This is the story about how “The Fiery Redhead in Boots” emerged into a painting. Earlier this week, I decided to step away from the challenges and frustration funk of another painting and start a new, smaller one. I thought the change in canvas size and composition might be the spark I needed to get out of my funk. I had a new plan and that always gets my juices flowing!
So with the new plan in place I started with a monochromatic color wash and created depth and variation in value. That part seemed to go well and when I left the studio that evening, I felt like I was off to a good start. I had accomplished to two goals: get out of the funk and start a new piece.
Later that night, I played around with an image of the painting on PicMonkey using the editing tools and different background colors. Ultimately, I decided to paint the background a reddish orange color when I returned to the studio because I liked the contrast between the teals and reddy-orange.
I started working on her again the next day and in a short amount of time I knew I needed to add color to her body. I wasn’t 100% confident about the new direction I was going to be taking her, but I knew something had to change. I knew she needed more layers, colors and texture.
From there, she transformed into a blonde hair, dark-eyed girl with several color variations. However, I felt unsettled when I left the studio and I didn’t feel like I captured what I had intended to create. She looked like a depressed female version of the Incredible Hulk which was not the angle I was going for. Later that evening, I continued to look at the images of her on my phone and tried to figure out my next steps.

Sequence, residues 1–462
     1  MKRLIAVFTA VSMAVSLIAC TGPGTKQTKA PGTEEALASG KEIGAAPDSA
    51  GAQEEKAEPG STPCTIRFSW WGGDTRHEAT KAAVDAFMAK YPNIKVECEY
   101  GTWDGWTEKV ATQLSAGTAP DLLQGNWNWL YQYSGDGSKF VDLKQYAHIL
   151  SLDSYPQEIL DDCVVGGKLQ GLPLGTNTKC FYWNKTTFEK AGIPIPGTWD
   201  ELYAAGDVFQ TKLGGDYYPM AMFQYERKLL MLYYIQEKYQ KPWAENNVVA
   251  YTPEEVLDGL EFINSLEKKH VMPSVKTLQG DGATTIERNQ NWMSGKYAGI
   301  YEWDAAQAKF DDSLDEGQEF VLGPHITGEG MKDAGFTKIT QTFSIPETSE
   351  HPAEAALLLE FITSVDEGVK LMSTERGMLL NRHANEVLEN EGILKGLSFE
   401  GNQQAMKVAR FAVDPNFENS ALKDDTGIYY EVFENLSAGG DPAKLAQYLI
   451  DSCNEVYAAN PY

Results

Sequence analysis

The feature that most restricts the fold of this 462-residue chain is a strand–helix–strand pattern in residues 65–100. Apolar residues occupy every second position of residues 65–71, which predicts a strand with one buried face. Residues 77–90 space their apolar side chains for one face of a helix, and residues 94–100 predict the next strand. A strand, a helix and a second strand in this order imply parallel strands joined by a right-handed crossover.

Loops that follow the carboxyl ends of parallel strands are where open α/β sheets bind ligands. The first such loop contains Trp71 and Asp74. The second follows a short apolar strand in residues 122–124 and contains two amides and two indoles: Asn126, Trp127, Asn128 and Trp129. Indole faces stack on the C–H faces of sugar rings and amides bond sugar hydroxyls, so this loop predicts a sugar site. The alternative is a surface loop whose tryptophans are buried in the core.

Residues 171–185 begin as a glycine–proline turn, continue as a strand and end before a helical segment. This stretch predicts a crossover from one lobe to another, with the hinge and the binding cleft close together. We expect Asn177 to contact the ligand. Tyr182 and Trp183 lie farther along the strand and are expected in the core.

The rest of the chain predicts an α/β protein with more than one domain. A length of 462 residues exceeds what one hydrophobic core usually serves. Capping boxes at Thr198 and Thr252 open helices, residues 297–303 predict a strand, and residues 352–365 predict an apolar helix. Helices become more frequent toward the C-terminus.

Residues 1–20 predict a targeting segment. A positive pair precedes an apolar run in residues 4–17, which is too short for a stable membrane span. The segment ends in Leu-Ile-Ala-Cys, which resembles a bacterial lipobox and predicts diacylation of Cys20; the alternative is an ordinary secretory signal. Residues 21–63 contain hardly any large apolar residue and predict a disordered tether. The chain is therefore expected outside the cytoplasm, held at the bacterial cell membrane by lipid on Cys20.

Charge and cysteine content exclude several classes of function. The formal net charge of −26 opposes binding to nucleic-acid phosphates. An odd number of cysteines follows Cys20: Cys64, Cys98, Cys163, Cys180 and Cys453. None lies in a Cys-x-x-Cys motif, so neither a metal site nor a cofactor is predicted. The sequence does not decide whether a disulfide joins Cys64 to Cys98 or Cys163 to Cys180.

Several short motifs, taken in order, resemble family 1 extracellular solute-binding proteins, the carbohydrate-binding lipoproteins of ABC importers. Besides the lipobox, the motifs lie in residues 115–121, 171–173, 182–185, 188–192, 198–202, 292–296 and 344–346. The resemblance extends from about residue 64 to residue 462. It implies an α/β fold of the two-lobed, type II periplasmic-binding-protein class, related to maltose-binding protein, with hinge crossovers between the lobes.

When Wednesday morning came, I had fresh eyes, a good night’s rest and clear head, so I headed to the studio. As I began working on her again, I figured out part of my problem. It was the lack of color variation between her arms and hair and the blue-green colors on her body, so I thought to myself why are you stuck on making her blonde? Why not make her hair and eyes a different color? Why not give her a more realistic skin tone? So I went for it!
And that’s when The Fiery Redhead in Boots started to emerge. I painted her eyes blue, darkened her hair, gave her skin flesh tones and added magenta highlights to her boots. Then I stopped. Not because I was frustrated or confused, but I could see the younger version of my mom staring at me. She told me to keep going and keep painting. I just smiled.
Even though I can’t call her on the telephone for advice or get a hug from her in person anymore, I know she still lives in me and with that said, The Fiery Redhead in Boots emerged. I believe I captured my mom’s youthful beauty, playfulness and sexy sass that truly embodied her.